31 March 2000, Volume 4, Number 23
Kosova, One Year On: Whose Responsibility? Youthful Kosovar drivers with no apparent sense of shared responsibility or knowledge of the rules of the road contributed to a day of gridlock earlier this month that serves as a metaphor for the condition of Kosova today.
The occasion was the commemoration of a massacre of some 50 ethnic Albanians two years ago at Prekaz in central Kosova's Drenica region, an event that proved to be a turning point after nearly a decade of Serbian repression of Kosova's Albanian majority. The massacre marked the end of passive resistance and the transformation of the Kosova Liberation Army, or UCK, from a shadowy terrorist group into an organized force.
On the second anniversary of the massacre, Kosovars by the tens of thousands tried to reach a commemorative rally at Prekaz sponsored by members of the now disbanded UCK. But a complete breakdown of driver discipline--and the inability of UN civilian police and KFOR peacekeepers to regulate traffic--ensured that the overwhelming majority of would-be participants never made it to their destination.
Kosovar Albanian society today is beginning to resemble the anarchic state of neighboring Albania in recent years. Its usual exterior signs are a late-model German luxury car of questionable origin for many families and a construction boom that knows few zoning laws or building regulations. More important, organized crime is clearly gaining ground. That is thanks in large part to the absence of courts and police, which, in turn, is the result of the international community's failure to heed UN calls for more civilian police and judges.
Prishtina intellectuals tell visitors that they should not yet hold Kosovars to the usual standards of a stable society. They say Kosovars are still in an early stage of postwar recovery,
Sociologist Fadil Maloku puts much of the blame for the province's situation today on Slobodan Milosevic's repeal of Kosova's autonomous status 10 years ago and the Yugoslav leader's subsequent repression of ethnic Albanians. That decade of suffering, Maloku says, held back the development of Kosovar Albanian society by barring any public form of collective expression. Now, he says, despite continuing economic hardships and pervasive crime, Kosovar Albanians are reveling in their liberty.
Maloku argues that "for the past eight months, our society has suffered electricity shortages. But the crime rate is decreasing. I don't want to justify the crime, prostitution, and corruption. The Prekaz [commemoration] was an expression of our shedding a decade of collective frustrations."
Maloku also says that, while individual ethnic Albanians are very resourceful, collectively they lack coordination. He emphasizes that one year is a very short period of time for the complete resumption of self-discipline in any society in the wake of war and mass trauma.
In addition to the province's high unemployment rate and erratic supplies of electricity and drinking water, ethnic violence remains a key problem. Some ethnic Albanians say that the UN's chief civil administrator in Kosova, France's Bernard Kouchner, must share some of the blame. International relations professor Enver Hasani is one of them.
He argues that "the problem [in the ethnically troubled northern town of] Mitrovica is a problem that has been created a result of the inaction of the KFOR troops, the French part of the KFOR troops [who are responsible for Mitrovica's security], and partly the civilian mission of Mr. Kouchner. And it's a problem that has been dragging on for a long time and may have serious consequences for the rest of Kosova and the overall political relations between the international community and the Kosova Albanian leadership. Events in Mitrovica are very closely connected with those in Bujanovac, Medvedja, and Presevo [in Serbia proper, near Kosova, where ethnic Albanians say they are being persecuted]."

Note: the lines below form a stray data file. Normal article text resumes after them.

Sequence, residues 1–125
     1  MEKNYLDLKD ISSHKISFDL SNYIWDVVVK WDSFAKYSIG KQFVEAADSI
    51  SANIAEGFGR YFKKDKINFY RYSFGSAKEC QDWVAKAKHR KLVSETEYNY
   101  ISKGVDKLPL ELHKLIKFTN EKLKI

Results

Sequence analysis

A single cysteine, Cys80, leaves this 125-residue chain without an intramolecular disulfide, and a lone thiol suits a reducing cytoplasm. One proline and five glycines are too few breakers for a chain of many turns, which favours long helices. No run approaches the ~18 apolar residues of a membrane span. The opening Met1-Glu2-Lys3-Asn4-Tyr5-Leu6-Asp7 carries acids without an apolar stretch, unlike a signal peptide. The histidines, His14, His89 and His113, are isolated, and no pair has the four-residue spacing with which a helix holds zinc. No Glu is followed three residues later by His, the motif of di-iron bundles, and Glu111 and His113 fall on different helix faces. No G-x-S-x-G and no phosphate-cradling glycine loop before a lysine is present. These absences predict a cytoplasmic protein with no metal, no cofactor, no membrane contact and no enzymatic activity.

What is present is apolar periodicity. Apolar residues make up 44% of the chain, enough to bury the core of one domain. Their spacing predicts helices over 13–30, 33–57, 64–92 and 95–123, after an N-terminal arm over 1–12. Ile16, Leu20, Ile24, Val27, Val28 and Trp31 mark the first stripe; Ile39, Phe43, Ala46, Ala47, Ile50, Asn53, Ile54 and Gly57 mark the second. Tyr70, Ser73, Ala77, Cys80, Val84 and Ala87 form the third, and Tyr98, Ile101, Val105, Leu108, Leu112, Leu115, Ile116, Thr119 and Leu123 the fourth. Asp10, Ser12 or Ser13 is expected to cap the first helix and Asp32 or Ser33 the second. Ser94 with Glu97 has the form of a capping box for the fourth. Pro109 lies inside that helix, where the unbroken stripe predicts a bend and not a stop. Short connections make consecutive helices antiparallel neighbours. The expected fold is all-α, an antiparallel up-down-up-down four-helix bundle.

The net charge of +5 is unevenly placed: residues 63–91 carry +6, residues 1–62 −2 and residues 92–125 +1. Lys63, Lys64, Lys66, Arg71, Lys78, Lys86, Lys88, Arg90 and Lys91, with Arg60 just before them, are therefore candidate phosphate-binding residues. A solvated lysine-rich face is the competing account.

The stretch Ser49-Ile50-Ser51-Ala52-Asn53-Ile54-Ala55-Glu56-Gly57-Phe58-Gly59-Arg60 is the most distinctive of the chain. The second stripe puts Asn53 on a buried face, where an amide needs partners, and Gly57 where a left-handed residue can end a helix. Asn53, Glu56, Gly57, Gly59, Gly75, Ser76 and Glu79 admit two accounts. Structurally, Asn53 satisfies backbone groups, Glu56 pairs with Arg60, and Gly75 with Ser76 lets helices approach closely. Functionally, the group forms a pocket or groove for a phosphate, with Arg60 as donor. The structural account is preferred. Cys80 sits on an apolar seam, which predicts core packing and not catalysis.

Hasani says the international community should use the presence of the UN and KFOR in Kosova to fight crime as well as to resist Milosevic's continuing aggression. He says growing organized crime is filling a void created by the absence of law courts and police: "You see, these people who have been living without law and order for nine months. In fact, [it's been] the law of the jungle since '89. Because it was a repressive system, [without] law and order, they could do whatever--kill, rob you--and now you have this situation."
Hasani, like many Kosovar intellectuals, complains that the international community's frequent proclamations of good intentions are not enough. He says that organized crime cannot be fought by mere public condemnation, but only through a fully functioning judicial and police system. (Jolyon Naegle)
The War That Will Be? A beat-up old station wagon, filled with loaves of bread, races down the muddy road from the boundary with Kosova into the south Serbian village of Dobrosin. The vehicle disappears into the farmyard headquarters of an ethnic-Albanian insurgent group. The group calls itself the Liberation Army of Presevo, Bujanovac and Medvedja, the UCPMB, which models itself--not only in name but also in uniform and tactics--after the Kosova Liberation Army, the UCK (see "RFE/RL Balkan Report," 28 March 2000).
A posse of four UCPMB military police emerge from the farmyard, sporting black uniforms inherited from the now disbanded UCK but with new UCPMB patches. They apologize to a couple of reporters, saying they are under strict orders not to grant interviews. Then they disappear, and a few minutes later three UCPMB soldiers walk past, dressed in green fatigues, one with an old AK-47 machine gun, the second with a high-powered Yugoslav Army sniper gun, the third with a bandoleer slung across his chest. Whether the trio was a genuine patrol or was just being paraded for the benefit of two reporters is unclear.
Before the UCPMB ceased talking to reporters, its representatives said earlier this month that they hope to draw NATO into a conflict with Yugoslavia in southern Serbia and expel Serbian forces from the three Albanian-inhabited districts. NATO and the United States reject such a scenario. KFOR has responded by cracking down on gun-running between Kosova and the UCPMB, culminating in the searches of at least five Kosova border villages recently.